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‘Patchwork’ quilt art repaired, replaced

People driving along Louisiana Avenue recently may have noticed that the patchwork art piece was missing.

Well, it’s now been reworked and put back up, and looking better than ever. For those not familiar with the artwork, it depicts the St. Joseph’s Altar, which the Italian-American community brought with them to Bogalusa back in 1906, and still endures today.

The original quiltwork was painted on wood and, over the years, the weather took its toll on the sign. Recently, Kathi Mayor of the Washington Parish Tourism Commission contacted Bogalusa council member Teddy Drummond, whose family’s involvement with the St. Joseph’s Altar goes back to over 90 years.

“It was an honor to work on this project,” Drummond said. “With the new frame and the metal roof over it, it should last for many years to come.”

Mayor told The Daily News that the original art apparently fell down after a bad storm in October.

“I called Teddy because I did not want anyone to pick it up and toss it in the trash, before we could see if it could be salvaged,” she said.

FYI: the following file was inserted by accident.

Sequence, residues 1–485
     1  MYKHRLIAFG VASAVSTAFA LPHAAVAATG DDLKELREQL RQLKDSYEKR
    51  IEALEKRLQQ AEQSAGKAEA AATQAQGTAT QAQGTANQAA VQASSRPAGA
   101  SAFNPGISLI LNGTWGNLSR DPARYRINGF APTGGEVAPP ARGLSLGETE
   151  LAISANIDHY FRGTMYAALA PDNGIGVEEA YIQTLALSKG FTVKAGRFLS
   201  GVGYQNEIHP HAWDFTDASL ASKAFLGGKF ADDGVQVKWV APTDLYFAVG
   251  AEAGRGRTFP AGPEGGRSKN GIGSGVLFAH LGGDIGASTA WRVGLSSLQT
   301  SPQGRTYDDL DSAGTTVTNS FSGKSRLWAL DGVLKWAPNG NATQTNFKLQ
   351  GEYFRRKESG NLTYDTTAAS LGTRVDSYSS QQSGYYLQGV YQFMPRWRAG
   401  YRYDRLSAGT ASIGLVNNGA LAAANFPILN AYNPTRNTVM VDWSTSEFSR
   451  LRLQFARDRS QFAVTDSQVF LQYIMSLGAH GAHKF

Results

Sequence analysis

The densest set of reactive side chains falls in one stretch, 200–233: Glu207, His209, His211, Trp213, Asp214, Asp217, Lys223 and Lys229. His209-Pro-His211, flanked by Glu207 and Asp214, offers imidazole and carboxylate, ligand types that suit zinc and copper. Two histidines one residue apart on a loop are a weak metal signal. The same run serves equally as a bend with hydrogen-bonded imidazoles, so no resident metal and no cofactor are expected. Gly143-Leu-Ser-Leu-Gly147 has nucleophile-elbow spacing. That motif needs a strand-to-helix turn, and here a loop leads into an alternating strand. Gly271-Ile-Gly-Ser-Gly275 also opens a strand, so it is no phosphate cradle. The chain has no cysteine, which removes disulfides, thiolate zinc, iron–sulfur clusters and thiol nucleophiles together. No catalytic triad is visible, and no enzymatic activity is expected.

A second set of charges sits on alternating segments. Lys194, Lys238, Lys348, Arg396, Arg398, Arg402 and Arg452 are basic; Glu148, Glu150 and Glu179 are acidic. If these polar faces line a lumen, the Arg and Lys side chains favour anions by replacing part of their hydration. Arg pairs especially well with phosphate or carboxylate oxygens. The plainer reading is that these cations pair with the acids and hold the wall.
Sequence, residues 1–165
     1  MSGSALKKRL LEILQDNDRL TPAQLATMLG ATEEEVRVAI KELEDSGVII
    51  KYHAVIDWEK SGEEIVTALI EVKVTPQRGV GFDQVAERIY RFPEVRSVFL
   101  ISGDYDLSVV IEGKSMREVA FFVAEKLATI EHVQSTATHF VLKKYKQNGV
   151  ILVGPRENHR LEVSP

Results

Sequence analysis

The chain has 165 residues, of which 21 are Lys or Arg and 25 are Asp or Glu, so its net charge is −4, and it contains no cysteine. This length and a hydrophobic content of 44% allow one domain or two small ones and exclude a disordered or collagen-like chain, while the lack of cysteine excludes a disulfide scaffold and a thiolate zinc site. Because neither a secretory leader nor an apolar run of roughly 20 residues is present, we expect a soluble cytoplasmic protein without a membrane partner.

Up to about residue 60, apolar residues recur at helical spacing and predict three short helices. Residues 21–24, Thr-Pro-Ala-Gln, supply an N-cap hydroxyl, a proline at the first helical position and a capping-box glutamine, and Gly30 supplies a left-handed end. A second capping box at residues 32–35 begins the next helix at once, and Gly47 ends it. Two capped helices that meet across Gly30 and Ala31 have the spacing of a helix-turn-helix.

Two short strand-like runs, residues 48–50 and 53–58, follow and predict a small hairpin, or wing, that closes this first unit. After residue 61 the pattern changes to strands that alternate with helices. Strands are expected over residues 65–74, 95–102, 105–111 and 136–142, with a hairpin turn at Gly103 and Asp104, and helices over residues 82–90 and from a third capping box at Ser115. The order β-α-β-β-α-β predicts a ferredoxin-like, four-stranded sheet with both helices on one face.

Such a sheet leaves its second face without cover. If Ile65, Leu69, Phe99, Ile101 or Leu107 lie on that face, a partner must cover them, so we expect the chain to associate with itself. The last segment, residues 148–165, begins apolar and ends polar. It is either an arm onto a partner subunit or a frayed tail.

Mayor said that Drummond was able to collect the art and return it to her. She then took the piece back to the original artist, Kim Zabbia in Ponchatoula.

Mayor said that the block was funded by a grant from the New Orleans Jazz and Heritage Foundation, and four of the quilt blocks are dedicated to the culture in their location. She said that Bogalusa’s group chose to highlight the area’s Italian heritage when their block was installed in “2013 or so.”

“Kim looked at it and redid the whole thing, as the damage was pretty significant,” Mayor said. “It is now painted on sheet metal, but Teddy remounted it with some protection from future water damage and mold.”